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Financial Health of Workers in the Gig Economy – A Case Study of Grab Drivers and Delivery Partners

Like traditional employment, gig work can be performed on a part-time or full-time basis. However, unlike traditional employment, each gig – or job – is usually performed at the discretion of the gig worker. In the ride-hailing/delivery industry in particular, these gigs are completed in minutes. The decisions of which gig to undertake and how many are the prerogative of the gig worker, allowing for flexible hours and control over one’s schedule and clients to a degree inconceivable in traditional employment.

While gig work has its advantages, trade-offs exist. Since gig work is not affiliated with an employer, gig workers lack access to benefits and social security mechanisms that often accompany traditional jobs. Gig workers, like other categories of informal workers, face challenges in accessing services such as financial products, skills development or social support.

To better understand the financial realities facing gig workers, UNCDF conducted a cross-sectional survey across five platforms in Malaysia and China, including Grab, between January and July of 2020. Grab is a super app provides everyday services such as mobility, food, package and grocery delivery, mobile payments and financial services across eight countries in Southeast Asia. A total of 14,089 Grab drivers and delivery partners participated in a financial health, behaviours and services survey.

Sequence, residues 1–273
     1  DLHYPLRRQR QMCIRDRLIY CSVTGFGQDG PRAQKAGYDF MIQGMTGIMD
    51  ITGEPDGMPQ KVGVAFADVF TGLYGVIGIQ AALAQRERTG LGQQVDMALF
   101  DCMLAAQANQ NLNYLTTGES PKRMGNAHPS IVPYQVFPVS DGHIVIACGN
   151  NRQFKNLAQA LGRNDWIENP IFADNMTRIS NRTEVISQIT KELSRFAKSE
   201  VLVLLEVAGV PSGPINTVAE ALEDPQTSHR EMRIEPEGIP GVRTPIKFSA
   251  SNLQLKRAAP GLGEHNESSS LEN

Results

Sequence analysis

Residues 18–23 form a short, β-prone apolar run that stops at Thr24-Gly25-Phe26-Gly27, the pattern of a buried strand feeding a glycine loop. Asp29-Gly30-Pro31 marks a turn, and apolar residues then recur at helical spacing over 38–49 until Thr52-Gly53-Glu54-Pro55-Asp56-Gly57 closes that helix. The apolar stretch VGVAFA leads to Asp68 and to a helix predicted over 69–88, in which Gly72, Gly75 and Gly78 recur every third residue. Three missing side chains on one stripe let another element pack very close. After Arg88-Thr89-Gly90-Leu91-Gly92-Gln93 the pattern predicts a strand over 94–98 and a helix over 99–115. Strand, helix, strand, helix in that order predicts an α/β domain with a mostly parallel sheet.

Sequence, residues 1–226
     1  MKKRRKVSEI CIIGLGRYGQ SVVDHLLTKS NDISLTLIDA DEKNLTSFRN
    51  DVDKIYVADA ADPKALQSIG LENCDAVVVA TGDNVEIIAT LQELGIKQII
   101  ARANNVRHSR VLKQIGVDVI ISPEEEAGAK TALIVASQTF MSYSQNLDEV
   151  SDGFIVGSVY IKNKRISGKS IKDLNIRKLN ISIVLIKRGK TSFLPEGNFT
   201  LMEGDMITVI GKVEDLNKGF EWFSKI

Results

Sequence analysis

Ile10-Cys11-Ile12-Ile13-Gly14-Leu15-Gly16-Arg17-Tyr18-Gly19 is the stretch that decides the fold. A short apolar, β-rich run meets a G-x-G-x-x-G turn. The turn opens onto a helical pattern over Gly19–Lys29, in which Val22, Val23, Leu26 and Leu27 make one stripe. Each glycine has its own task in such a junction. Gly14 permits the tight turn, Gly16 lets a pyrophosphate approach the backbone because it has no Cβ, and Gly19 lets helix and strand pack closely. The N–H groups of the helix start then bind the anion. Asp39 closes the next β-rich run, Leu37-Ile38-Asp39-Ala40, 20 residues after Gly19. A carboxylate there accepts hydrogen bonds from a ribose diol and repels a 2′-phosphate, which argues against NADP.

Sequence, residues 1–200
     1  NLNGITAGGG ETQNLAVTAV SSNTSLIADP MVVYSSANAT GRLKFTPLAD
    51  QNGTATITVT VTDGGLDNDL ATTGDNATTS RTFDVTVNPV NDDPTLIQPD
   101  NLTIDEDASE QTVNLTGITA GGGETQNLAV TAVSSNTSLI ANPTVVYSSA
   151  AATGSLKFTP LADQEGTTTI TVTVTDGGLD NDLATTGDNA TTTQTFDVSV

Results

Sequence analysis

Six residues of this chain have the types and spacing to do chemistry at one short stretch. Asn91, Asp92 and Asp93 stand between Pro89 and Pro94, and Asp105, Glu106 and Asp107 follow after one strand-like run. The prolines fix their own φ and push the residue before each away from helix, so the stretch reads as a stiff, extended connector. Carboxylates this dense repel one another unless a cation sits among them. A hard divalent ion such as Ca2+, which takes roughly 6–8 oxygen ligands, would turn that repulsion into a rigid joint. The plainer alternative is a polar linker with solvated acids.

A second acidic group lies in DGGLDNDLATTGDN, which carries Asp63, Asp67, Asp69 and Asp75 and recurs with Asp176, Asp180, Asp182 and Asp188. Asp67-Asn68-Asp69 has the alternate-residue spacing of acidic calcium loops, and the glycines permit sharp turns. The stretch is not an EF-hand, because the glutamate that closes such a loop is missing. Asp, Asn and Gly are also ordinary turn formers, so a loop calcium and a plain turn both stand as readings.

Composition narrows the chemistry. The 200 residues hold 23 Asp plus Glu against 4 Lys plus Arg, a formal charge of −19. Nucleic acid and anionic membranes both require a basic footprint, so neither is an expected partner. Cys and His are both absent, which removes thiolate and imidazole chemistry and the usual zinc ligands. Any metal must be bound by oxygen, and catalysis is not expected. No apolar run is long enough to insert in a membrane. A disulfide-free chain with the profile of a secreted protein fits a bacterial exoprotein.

This report analyses the financial lives of Grab drivers and delivery partners and, by extension, those who participate in short-term employment. Based on the research findings, it offers recommendations to platforms, financial service providers and policymakers to help gig workers lead well-rounded financial lives.

UNCDF
The UN Capital Development Fund makes public and private finance work for the poor in the world’s 47 least developed countries (LDCs). With its capital mandate and instruments, UNCDF offers “last mile” finance models that unlock public and private resources, especially at the domestic level, to reduce poverty and support local economic development.